News January 2003 Issue

In the News: 01/03

Can Arthritis Medications Put You At Heart Attack Risk?
A study published in 2001 in the Journal of the American Medical Association found that two popular arthritis drugs, Celebrex and Vioxx, were associated with an increased risk of stroke and heart attack. The news has been reported widely in major national magazines and newspapers. Is the media blowing smoke? According to researchers at the Cleveland Clinic, it’s no joke. In fact, they suggest that physicians whose patients have coronary artery disease or are at high coronary risk should use caution when prescribing these drugs.

Dr. Steven Nissen, vice-chairman of the Department of Cardiovascular Medicine at the Cleveland Clinic and a member of the FDA Advisory Panel that reviewed the drugs, says “These coxib drugs are enormously popular, but safety issues need to be addressed.”

Use of these drugs to manage arthritis has grown dramatically since their release in 1998. They block the cyclo-oxygenase (COX-2) receptor, and their selectivity means that fewer gastrointestinal side effects occur than with traditional non-steroidal anti-inflammatory drugs. But this same selectivity may prove a liability by increasing the propensity for clotting and increasing the risk of heart attack.

Cleveland Clinic researchers analyzed four trials involving 18,604 patients who used these drugs. All trials showed a trend toward an increase in heart attacks and/or blood-clotting, though the trend decreased when aspirin was used in conjunction with the drugs.

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New Breakthrough In Cartilage Repair
M.I.T. engineers have developed a new technique for repairing cartilage. It involves growing cartilage cells within a gel outside the body, then delivering the cell-seeded gel into a damaged joint. Engineers at the school’s Center for Biological Engineering claim that tissue will grow and integrate with the normal cartilage surrounding it while the gel slowly degrades, leaving behind a functioning tissue. The procedure is claimed to have significant advantages over the current FDA-approved procedure, which consists of extracting cartilage cells from a patient, coaxing them to multiply outside the body, then implanting the new cells into the damaged area—an expensive procedure and, according to Prof. Alan Grodzinsky, co-author of the M.I.T. study, “a procedure that does not result in the generation of true articular cartilage.” The M.I.T. team claims the cartilage gel could be implanted arthroscopically through a small external incision, which would not only be less expensive but would reduce the recovery time for the patient.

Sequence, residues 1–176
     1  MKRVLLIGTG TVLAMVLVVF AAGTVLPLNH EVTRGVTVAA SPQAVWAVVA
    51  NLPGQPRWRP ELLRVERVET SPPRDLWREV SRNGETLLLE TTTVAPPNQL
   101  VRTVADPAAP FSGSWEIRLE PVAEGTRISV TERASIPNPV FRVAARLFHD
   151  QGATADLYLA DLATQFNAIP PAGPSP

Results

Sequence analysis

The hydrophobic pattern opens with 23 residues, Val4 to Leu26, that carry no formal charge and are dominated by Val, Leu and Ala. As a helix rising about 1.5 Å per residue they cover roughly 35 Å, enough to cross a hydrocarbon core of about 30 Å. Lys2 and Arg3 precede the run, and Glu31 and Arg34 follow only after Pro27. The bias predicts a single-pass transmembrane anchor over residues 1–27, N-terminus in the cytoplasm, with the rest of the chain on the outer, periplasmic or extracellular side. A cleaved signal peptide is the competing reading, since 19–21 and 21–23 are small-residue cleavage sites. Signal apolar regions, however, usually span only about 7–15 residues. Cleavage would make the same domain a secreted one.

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Is Knee Arthroscopy As Osteoarthritis Fix A Sham?
A blockbuster study published in the New England Journal of Medicine in July claimed that arthroscopic surgery of the knee to relieve the pain of osteoarthritis is of no help. The placebo-controlled study, conducted by the Houston Veterans Affairs Medical Center and Baylor College of Medicine, reported that while the 180 study participants often said they felt better after surgery, tests of knee function revealed that the operation had not helped at all. With nearly a quarter of a million Americans undergoing the procedure each year, eyebrows were raised by health insurers, who pay out more than a billion dollars a year for the operation.

Response, from Dr. William Tipton, executive vice president of the American Academy of Orthopedic Surgeons, was swift. “We applaud the authors [of this study]. Evidence-based medicine should be a guiding light in today’s health-care delivery system, and this study confirms the conventional orthopedic wisdom on the limited value of arthroscopic cleansing of arthritic knees. However, the weaknesses include a potential selection bias caused by the number of patients who decided not to participate and the nonspecific indications for arthroscopy.” Adds orthopedic surgeon Dr. Jack Andrisj of the Cleveland clinic, “The flaw is that the study did not account for other variables among patients. For example, there is no accounting for angular deformity, nor the extent of osteoarthritis. The study has many strengths, but it still cannot answer the question of the value of arthroscopic debridement for OA of the knee ‘across the board.’”